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December 17, 2013

Going pro in something other than sports

By: Reyna Gilbert-Lowry

As the famous NCAA slogan goes, “There are over 400,000 NCAA student-athletes, and most will go pro in something other than sports.” As December graduation ceremonies loom, a handful of Virginia Tech student-athletes will do just that, and many will ask themselves ‘What’s next?’ as they embark upon a life outside the walls of Lane Stadium and Cassell Coliseum. For many student-athletes, the reality of a life without college athletics doesn’t materialize until their last day of practice, or even months after graduation. Although athletics transition is an important aspect of being a college student-athlete, it is often overlooked.

The Virginia Tech Athletics Office of Student Life is committed to assisting student-athletes in utilizing athletics as preparation for success in life. The office sponsored the annual Senior Transition in October, an event aimed at exposing senior student-athletes to the pros and cons associated with transitioning out of college athletics. Another goal of the program is to help student-athletes begin to consider, and eventually develop, the skills needed to make their transitions successful. Several campus members and alumni served as panelists for the event, including Dr. Gary Bennett, Tech’s sport psychologist. He shared some of the challenges he has seen student-athletes face when transitioning from college athletics.

“There is a definite adjustment period for student-athletes when they have completed their competitive collegiate athletic careers,” Dr. Bennett said. “A number of factors influence how that process will play out, including the reasons their careers are over (e.g. injury, cut from their team, exhausted their eligibility, and choose to retire) and the degree to which their identities have been built around their status as an athlete. The quality of this transition can be enhanced when athletes have other outlets and passions to which they can commit to after their playing days are over.”

One of the most beneficial elements of the event is the first-hand experiences shared by former Virginia Tech student-athletes. This year, softball legend Angela Tincher O’Brien and three-time NCAA wrestling qualifier David Marone served as panelists and revealed many of the challenges they faced after completing their eligibility.

After graduating from Tech in 2008, Tincher O’Brien played for two seasons with the National Pro Fastpitch’s Akron Racers and spent time coaching at Syracuse and the University of Maryland. She returned to Blacksburg in the fall and is currently the pitching coach and recruiting coordinator for Tech’s softball program. Although Tincher O’Brien prolonged her athletics experience by continuing to play softball at the professional level, she admitted that it took a while to determine what else she was passionate about other than her sport.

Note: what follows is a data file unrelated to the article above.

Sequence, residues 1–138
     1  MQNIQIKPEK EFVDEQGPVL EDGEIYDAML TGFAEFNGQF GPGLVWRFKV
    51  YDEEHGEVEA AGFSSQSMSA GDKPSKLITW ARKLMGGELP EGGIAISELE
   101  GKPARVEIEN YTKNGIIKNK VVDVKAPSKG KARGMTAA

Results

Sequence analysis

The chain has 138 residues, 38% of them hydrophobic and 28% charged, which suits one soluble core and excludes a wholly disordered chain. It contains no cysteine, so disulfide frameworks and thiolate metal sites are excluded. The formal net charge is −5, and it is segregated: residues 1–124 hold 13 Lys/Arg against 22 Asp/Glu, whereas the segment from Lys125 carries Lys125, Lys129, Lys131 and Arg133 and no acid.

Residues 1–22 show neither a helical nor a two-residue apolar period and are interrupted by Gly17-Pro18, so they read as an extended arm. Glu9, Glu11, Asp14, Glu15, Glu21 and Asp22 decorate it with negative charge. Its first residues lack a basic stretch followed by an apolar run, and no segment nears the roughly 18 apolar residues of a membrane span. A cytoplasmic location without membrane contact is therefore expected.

Marone ended his athletics career on a high note in 2012 with an individual and team ACC wrestling championship, a trip to NCAA Championships, and a place in the record books with the 11th-most career wins. He is currently in his second year of the MBA program in the Pamplin School of Business, and after being out of competitive wrestling for the past year, he admitted that he is still adjusting to life post-wrestling. His advice to the seniors in attendance was not to procrastinate and to plan ahead for their futures. He also discussed how many of the skills he learned through athletics helped him throughout his master’s program and internship with the Virginia Tech Foundation. Marone was recently offered a full-time position with the organization and attributed this opportunity to establishing strong connections and networking during his time as a Tech student-athlete.

Through their participation in sport, student-athletes inherently acquire a variety of qualities that are important to their future success. These transferable skills include communication, resilience, confidence, leadership and determination and make student-athletes highly marketable in the work force. Johanna Smith, assistant director for career services, also served as a panelist and discussed several of the skills that employers look for in top candidates, many of which include those previously mentioned. She also provided information on ways student-athletes can gain experience in their chosen career fields through job shadowing, co-ops and internships. Annie Weese, staff counselor at Cook Counseling Center and newest addition to the sport psychology staff, was also on the panel and provided student-athletes with concrete ways to determine their own transferable skills. Weese asked the group how many had ever watched film and then made adjustments and related that to the transferable skill analytical thinking.

The feedback from the students in attendance was very positive, and all agreed the program provided them with tools to assist in their transition out of sport. Senior lacrosse player Kelly Naslonski said, “The Senior Transition Seminar really opened my eyes to the opportunities after college. What I have learned during my time as a student-athlete here at Virginia Tech will prove to be so valuable in my success and in my life after graduation.”

With the majority of Tech student-athletes going pro in something other than sports, the Virginia Tech Athletics Office of Student Life is committed to helping student-athletes think about their futures beyond intercollegiate athletes well before their last team huddle.